I didn't misread the BBC article and I didn't overstate anything. You were arguing that Israel can relax (the occupation) when the Palestinians are fighting one another. My point is that you're wrong. We saw the first suicide bombing in a long time on Monday (which itself contradicts your argument) and as expected, here three days later is the Israeli retaliation. This is always how it plays out. If you buy the IDF denials over the testimony of Palestinian medics and families, I can't really help you. They deny that they do these things every time, no matter the evidence (remember the shelling of the beach?), just like any other military. How can you have that much trust in an occupation force responsible for the deaths of 141 children just last year (this is according to an Israeli human rights group, by the way)? I don't understand it.

David Schraub said...

I'm pointing out that when you link to a blog called "Lenin's Tomb," I begin to be suspicious of one's fairmindedness on the subject. My readings of history and observations of the present have made it abundently clear that the Marxist-Leninist tradition (not the softer Democratic Socialist wing, but the people who would approvingly name their blog after Lenin) just does not care about Jews, anti-Jewish oppression, or Jewish corpses. Whether it's due to an internalization of the Jews as the Ultimate Capitalist Overlords or something else, I don't know, but the pattern has nonetheless been quite well established. Leninists talking against Jewish institutions is like listening to a Jim Crow warrior lecture on the evils of Affirmative Action. It's possible they really are arguing from a neutral standpoint--but color me skeptical.

Speaking of which, if you like my posts on racism, I appreciate that, but recognize they come from the same philosophical tradition as my posts on Israel and anti-Semitism. Anti-Semitism is a structural force, reified by both historical oppressions, cultural stereotypes, and outright bigotry, which infects the entire global polity, corrupting their worldview and justifying inequal treatment (while telling itself of its consistency with one's dominant norms--be they liberalism, equality, justice, what have you). Just as modern society is inextricably connected to its racist past and present, modern society remains equally (if differently) entrenched in its anti-Semitism as a structural matter. And of course, one of the manifestations of that privilege is that its beneficiaries feel no compunction to address it.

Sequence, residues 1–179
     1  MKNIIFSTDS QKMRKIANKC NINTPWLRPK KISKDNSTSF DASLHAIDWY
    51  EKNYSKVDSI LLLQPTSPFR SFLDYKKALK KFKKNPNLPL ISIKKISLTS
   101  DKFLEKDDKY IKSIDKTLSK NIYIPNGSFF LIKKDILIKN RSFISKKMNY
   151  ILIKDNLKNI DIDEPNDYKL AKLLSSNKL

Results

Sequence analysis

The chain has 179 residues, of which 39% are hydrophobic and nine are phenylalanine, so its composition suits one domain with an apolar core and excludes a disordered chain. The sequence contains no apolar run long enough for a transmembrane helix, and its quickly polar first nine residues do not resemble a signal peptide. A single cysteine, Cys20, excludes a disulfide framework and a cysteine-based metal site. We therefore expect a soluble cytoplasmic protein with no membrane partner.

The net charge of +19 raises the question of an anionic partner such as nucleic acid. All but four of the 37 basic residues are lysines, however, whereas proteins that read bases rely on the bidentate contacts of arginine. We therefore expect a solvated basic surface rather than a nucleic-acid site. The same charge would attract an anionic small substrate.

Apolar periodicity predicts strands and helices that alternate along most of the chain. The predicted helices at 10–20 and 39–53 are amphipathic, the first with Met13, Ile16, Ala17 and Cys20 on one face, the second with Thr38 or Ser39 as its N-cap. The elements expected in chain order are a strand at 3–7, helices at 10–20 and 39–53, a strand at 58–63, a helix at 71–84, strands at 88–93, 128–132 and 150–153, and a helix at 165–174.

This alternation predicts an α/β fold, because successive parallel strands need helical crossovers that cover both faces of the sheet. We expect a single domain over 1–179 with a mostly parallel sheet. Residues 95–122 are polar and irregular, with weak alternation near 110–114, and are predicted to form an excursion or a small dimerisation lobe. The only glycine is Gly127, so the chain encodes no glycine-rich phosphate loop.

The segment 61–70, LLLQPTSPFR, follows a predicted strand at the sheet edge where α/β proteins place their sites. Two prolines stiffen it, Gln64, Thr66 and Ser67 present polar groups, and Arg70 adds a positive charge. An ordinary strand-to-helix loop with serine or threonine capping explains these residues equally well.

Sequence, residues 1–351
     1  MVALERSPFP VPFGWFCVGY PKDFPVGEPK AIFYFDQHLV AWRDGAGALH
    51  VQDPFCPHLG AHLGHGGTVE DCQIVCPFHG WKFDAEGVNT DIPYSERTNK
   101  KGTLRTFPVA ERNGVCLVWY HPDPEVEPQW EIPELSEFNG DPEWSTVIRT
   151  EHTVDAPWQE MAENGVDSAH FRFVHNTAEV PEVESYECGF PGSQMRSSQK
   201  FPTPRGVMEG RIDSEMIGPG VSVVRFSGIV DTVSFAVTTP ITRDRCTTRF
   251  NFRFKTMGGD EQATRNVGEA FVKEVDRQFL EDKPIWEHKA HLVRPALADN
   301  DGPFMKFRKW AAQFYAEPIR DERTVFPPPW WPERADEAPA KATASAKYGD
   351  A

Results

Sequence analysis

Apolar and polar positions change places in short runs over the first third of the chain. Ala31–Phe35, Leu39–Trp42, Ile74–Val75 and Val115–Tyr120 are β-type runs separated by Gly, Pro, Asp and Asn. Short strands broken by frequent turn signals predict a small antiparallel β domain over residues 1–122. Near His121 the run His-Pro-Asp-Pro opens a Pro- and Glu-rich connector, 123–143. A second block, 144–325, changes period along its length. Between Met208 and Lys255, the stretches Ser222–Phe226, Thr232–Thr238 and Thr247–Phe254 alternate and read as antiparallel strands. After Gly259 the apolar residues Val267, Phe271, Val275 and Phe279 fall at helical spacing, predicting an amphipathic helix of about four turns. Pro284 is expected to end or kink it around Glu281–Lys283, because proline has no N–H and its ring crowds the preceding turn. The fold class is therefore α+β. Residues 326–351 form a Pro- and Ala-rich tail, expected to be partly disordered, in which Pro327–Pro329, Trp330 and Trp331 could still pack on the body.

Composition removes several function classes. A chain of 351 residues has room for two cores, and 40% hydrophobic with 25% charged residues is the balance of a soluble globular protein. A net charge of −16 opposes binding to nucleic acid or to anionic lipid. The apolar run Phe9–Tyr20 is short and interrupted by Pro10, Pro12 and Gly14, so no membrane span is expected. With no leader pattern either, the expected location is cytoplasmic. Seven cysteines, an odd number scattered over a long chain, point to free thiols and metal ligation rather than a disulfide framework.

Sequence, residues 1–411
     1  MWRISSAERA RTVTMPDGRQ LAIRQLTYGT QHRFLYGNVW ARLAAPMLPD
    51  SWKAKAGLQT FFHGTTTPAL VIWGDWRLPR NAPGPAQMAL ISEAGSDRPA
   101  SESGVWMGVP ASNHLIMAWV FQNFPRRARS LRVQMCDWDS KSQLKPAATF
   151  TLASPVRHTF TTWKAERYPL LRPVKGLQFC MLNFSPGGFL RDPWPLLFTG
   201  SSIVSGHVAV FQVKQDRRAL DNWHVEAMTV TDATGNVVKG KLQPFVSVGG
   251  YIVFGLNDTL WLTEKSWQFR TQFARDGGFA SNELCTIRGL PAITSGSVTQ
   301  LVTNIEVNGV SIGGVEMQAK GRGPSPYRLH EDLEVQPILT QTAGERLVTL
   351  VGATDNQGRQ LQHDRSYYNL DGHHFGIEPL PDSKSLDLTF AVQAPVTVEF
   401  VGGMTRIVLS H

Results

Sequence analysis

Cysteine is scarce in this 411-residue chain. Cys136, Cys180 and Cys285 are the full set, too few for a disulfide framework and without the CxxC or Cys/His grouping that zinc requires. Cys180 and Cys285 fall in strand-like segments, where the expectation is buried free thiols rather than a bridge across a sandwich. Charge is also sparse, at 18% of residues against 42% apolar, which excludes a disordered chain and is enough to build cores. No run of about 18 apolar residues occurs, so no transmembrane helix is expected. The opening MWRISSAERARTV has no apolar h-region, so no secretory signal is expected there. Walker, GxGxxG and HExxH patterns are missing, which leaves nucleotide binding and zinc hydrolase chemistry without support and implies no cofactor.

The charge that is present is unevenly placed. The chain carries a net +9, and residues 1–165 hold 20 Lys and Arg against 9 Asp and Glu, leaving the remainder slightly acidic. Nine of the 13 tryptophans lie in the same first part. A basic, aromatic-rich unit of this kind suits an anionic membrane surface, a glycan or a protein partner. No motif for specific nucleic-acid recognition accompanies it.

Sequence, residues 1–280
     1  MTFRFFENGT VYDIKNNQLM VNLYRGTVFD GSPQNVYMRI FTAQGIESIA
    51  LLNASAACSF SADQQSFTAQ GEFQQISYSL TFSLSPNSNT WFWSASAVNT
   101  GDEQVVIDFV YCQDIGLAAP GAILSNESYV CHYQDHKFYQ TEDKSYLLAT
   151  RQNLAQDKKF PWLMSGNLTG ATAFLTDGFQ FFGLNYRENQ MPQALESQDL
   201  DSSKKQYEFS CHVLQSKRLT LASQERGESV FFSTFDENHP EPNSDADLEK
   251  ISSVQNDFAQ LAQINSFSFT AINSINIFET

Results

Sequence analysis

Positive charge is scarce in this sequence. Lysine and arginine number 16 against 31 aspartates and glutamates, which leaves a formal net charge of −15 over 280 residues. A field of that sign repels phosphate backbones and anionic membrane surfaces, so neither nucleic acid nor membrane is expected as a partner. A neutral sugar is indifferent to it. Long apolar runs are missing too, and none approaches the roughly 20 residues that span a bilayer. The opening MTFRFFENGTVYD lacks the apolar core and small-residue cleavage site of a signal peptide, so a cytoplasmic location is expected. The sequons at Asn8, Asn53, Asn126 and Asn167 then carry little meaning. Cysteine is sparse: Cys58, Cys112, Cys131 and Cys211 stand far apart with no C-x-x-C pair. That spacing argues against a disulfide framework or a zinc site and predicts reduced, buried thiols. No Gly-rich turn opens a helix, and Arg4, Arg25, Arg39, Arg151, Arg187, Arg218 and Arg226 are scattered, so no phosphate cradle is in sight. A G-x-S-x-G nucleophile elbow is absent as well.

As to the "debate," I too have no idea what to say, as your story rather clearly does not claim what you say it does. And even in the 15 year olds case, aside from blanket assertions you really don't give me a reason to privilege one narrative over another. As an institutional matter, all the parties have an incentive to spin events in their favor. The families because they are obviously grieving and want to present themselves as innocent, the military because they want to maintain a public image of not deliberately killing civilians, and the medics because they've unfortunately been acting as an arm of Palestinian terror groups. They have all the credibility of the Alabama Doctor testifying in the Scottsboro Case.

None of which is to say who is telling the truth and who is lying (or just misinformed) in any given case. Neither of us have any way of verifying it from our current state, which is why the debate is all about the privilege and suppression of narratives. When you comprehensively elevate the Palestinian narrative of innocents being brutally shot by the Israeli occupation forces, you necessarily suppress a counter-narrative from the Israeli perspective, in the case of the BBC article, that 2 of the 3 "victims" were armed militants, and the third may have been attempting to illegally breach a security perimeter. The narrative of dead children suppresses the counter-narrative of Palestinian terror organizations deliberately basing their operations in civilian areas for use as human shields, to gain the PR boost from innocent death.

And of course the opposite is true as well--my narrative frame emphasizing human shields and Palestinian culpability may well diminish the fact that their is geniune suffering in the territories (and the victims really don't care whose bullet killed their child), and that any army really will have brutes who revel in the pain of others. But at least I attempt to be actively cognizant of the narrative frames. That's the crucial act, and (again, at least in part due to the cavalier linking to Zombie Lenin, which embeds you a particular frame of narrative assumptions articulated above) I'm not sure you share the same commitment to perspectivist pluralism and the human dignity of both the Jews and Palestinians victimized by this conflict.